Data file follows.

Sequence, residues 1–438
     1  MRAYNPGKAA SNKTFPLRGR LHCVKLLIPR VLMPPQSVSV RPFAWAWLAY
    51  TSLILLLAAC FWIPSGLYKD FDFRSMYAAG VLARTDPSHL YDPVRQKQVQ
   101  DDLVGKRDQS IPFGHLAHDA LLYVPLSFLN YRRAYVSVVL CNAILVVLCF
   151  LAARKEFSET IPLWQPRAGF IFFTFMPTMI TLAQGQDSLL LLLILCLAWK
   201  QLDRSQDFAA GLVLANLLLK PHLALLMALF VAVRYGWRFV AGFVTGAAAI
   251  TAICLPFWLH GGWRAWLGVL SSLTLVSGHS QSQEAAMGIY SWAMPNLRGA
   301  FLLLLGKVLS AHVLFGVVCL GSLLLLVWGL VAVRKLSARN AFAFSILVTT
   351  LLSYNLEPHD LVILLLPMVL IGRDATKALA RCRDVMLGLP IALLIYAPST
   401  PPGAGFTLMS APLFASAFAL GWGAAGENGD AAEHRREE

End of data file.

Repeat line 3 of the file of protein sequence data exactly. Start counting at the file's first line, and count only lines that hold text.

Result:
    51  TSLILLLAAC FWIPSGLYKD FDFRSMYAAG VLARTDPSHL YDPVRQKQVQ